Seam and AJAX

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What is AJAX?

AJAX (Asynchronous JavaScript and XML) is a technique rather than a new technology for developing highly interactive web applications. Traditionally, when JavaScript is written, it uses the browser’s XMLHttp DOM API class to make asynchronous calls to a server-side component, for example, servlets. The server-side component generates a resulting XML package and returns this to the client browser, which can then update the browser page without having to re-render the entire page. The result of using AJAX technologies (many different technologies can be used to develop AJAX functionality, for example, PHP, Microsoft .NET, Servlets, and Seam) is to provide an appearance similar to a desktop, for web applications.

AJAX and the Seam Framework

The Seam Framework provides built-in support for AJAX via its direct integration with libraries such as RichFaces and AJAX4JSF. Discussing the AJAX support of RichFaces and AJAX4JSF could fill an entire book, if not two books, so we’ll discuss these technologies briefly, towards the end of this article, where we’ll give an overview of how they can be used in a Seam application.

However, Seam provides a separate technology called Seam Remoting that we’ll discuss in detail in this article. Seam Remoting allows a method on Seam components to be executed directly from JavaScript code running within a browser, allowing us to easily build AJAX-style applications.

Seam Remoting uses annotations and is conversation-aware, so that we still get all of the benefits of writing conversationally-aware components, except that we can now access them via JavaScript as well as through other view technologies, such as Facelets.

Seam Remoting provides a ready-to-use framework, making AJAX applications easier to develop. For example, it provides debugging facilities and logging facilities similar to the ones that we use everyday when writing Java components.

Configuring Seam applications for Seam Remoting

To use Seam Remoting, we need to configure the Seam web application to support JavaScript code that is making asynchronous calls to the server back end. In a traditional servlet-based system this would require writing complex servlets that could read, parse, and return XML as part of an HTTP GET or POST request. With Seam Remoting, we don’t need to worry about managing XML data and its transport mechanism. We don’t even need to worry about writing servlets that can handle the communication for us—all of this is a part of the framework.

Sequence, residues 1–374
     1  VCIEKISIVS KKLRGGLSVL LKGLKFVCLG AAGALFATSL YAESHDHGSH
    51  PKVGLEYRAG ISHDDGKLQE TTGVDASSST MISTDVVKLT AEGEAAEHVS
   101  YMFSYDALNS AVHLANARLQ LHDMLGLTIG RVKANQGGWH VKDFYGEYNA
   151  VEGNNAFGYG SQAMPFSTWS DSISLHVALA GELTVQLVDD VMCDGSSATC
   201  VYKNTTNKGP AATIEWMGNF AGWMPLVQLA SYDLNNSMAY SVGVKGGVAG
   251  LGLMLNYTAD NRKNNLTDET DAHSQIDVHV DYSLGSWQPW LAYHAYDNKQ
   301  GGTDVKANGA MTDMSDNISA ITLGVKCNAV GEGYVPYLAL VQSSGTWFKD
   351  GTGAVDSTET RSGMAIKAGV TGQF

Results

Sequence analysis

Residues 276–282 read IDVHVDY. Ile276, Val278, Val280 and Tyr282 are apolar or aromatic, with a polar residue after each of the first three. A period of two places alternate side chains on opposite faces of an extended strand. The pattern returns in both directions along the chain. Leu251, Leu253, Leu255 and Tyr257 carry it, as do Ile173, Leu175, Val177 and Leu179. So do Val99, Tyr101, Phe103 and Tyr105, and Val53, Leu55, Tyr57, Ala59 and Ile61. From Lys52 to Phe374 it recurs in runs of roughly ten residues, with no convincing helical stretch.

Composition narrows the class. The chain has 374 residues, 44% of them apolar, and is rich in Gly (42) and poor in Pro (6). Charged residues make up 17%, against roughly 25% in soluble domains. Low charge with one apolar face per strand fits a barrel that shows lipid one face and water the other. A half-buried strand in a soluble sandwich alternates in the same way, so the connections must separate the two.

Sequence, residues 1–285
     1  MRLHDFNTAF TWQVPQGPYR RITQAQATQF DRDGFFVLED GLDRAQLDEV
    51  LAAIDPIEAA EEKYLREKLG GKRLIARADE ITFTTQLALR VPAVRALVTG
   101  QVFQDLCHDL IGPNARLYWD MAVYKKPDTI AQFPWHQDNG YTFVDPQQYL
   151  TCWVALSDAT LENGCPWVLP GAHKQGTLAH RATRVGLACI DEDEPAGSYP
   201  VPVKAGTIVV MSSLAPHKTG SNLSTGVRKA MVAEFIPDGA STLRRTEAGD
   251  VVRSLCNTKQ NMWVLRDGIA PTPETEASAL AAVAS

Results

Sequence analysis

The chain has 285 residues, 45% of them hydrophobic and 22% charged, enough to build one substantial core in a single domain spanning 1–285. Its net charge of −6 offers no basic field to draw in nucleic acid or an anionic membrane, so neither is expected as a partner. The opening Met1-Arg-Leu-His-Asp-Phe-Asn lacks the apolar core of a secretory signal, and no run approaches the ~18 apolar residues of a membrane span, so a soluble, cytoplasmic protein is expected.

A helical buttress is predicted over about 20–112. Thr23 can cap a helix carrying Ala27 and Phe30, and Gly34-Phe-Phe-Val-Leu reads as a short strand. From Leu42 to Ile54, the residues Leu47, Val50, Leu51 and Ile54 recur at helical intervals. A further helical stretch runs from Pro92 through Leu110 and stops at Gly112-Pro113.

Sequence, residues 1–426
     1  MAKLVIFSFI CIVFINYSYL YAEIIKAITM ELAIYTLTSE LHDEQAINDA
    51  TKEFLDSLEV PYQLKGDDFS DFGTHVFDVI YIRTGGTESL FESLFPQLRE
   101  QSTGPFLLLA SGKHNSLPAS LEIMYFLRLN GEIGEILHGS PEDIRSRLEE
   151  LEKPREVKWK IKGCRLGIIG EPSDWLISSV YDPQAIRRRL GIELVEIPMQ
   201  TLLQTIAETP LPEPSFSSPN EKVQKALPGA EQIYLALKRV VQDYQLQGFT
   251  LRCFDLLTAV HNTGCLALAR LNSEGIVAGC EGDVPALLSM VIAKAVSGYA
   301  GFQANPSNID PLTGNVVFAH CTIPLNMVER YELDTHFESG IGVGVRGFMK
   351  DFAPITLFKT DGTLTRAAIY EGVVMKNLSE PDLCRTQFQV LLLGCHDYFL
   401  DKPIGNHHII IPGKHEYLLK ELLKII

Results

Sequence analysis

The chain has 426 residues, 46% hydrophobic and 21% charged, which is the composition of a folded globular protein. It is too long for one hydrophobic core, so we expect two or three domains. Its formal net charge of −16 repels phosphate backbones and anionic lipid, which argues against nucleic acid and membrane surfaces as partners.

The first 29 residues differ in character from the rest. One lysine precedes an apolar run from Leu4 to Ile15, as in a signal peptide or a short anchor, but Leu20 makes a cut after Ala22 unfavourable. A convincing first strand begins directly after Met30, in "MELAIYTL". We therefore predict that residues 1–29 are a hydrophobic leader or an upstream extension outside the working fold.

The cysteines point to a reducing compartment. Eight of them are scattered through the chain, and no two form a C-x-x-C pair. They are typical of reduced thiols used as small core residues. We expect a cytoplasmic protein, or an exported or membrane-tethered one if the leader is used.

To configure a web application to use Seam Remoting, all we need to do is declare the Seam Resource servlet within our application’s WEB-INF/web.xml file. We do this as follows.

<servlet>
<servlet-name>Seam Resource Servlet</servlet-name>
<servlet-class>
org.jboss.seam.servlet.SeamResourceServlet
</servlet-class>
</servlet>
<servlet-mapping>
<servlet-name>Seam Resource Servlet</servlet-name>
<url-pattern>/seam/resource/*</url-pattern>
</servlet-mapping>

That’s all we need to do to make a Seam web application work with Seam Remoting. To make things even easier, this configuration is automatically done when applications are created with SeamGen, so you would have to worry about this configuration only if you are using non-SeamGen created projects.

Configuring Seam Remoting server side

To declare that a Seam component can be used via Seam Remoting, the methods that are to be exposed need to be annotated with the @WebRemote annotation. For simple POJO components, this annotation is applied directly on the POJO itself, as shown in the following code snippet.

@Name("helloWorld")
public class HelloWorld implements HelloWorldAction {

@WebRemote
public String sayHello() {
return "Hello world !!";
}

For Session Beans, the annotation must be applied on the Session Beans business interface rather than on the implementation class itself. A Session Bean interface would be declared as follows.

import javax.ejb.Local;
import org.jboss.seam.annotations.remoting.WebRemote;

@Local
public interface HelloWorldAction {
@WebRemote
public String sayHello();
@WebRemote
public String sayHelloWithArgs(String name);
}

The implementation class is defined as follows:

import javax.ejb.Stateless;
import org.jboss.seam.annotations.Name;

@Stateless
@Name("helloWorld")
public class HelloWorld implements HelloWorldAction {
public String sayHello() {
return "Hello world !!";
}
public String sayHelloWithArgs(String name) {
return "Hello "+name;
}
}

Note that, to make a method available to Seam Remoting, all we need to do is to annotate the method with @WebRemote and then import the relevant class. As we can see in the preceding code, it doesn’t matter how many parameters our methods take.

Configuring Seam Remoting client side

In the previous sections, we’ve seen that minimal configuration is required to enable Seam Remoting and to declare Seam components as Remoting-aware. Similarly in this section, we’ll see that minimal work is required within a Facelets file to enable Remoting.

The Seam Framework provides built-in JavaScript to enable Seam Remoting. To use this JavaScript, we first need to define it within a Facelets file in the following way:

<script type="text/javascript" src="/HelloWorld/seam/resource/
remoting/resource/remote.js">
</script>
<script type="text/javascript" src="/HelloWorld/seam/resource/
remoting/interface.js?helloWorld">

To include the relevant JavaScript into a Facelets page, we need to import the /seam/resource/remoting/resource/remote.js and /seam/resource/remoting/interface.js JavaScript files. These files are served via the Seam resource servlet that we defined earlier in this article.

You can see that the interface.js file takes an argument defining the name of the Seam component that we will be accessing (this is the name of the component for which we have defined methods with the @WebRemote annotation).

If we wish to use two or more different Seam components from a Remoting interface, we would specify their names as parameters to the interface.js file separated by using an “&“, for example:

<script type="text/javascript" src="/HelloWorld/seam/resource/
remoting/interface.js?helloWorld&mySecondComponent&
myThirdComponent">